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Chapter Eight: Middle Childhood

Section 4: Teaching Machines


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Filipina Dance by the Baranga Dance Company at the Filipino Heritage Festival, Plaza de Cesar Chavez, San Jose, CA, on Sunday, August 2, 1998.


Since technology is one of the areas the future human must master, it makes sense to give children an opportunity to experiment with machines. Many types might be appropriate -- communications equipment, calculators, video games, and even microcomputers. Teaching machines can serve a dual purpose. They can expose children to technology -- helping learn machine interface skills. They can often do a better job than a human in providing individually paced programmed learning of rote skills and knowledge.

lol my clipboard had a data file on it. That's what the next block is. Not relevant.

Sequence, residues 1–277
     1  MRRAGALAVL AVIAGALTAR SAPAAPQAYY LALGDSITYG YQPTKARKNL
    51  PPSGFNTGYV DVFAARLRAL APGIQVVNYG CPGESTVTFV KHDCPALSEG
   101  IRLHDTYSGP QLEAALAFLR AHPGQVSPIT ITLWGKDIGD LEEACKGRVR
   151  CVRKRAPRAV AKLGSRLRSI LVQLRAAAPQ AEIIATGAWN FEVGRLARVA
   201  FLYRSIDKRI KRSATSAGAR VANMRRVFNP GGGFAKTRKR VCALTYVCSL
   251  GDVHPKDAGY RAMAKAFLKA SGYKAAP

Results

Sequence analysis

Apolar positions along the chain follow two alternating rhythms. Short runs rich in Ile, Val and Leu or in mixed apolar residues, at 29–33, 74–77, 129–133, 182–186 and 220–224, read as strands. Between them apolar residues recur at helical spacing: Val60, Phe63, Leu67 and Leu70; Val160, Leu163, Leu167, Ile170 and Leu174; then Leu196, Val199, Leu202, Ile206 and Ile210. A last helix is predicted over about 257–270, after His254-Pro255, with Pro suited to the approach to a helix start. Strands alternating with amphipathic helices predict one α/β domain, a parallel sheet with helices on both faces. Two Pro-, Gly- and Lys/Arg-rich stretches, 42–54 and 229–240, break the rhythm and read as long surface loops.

Some technophobes and humanists object to teaching machines because they tend to dehumanize the learning process. There is no question that human interaction is crucial to education. The question is whether human interaction during rote learning is valuable. It is probably worse to interact with a human machine than an electronic machine, especially when the latter does a better job. The purpose of the teaching machine is not to replace the human teacher, but to allow the latter to concentrate on areas which are more uniquely human -- social skills and attitudes such as empathy, compassion, self-awareness and so forth.






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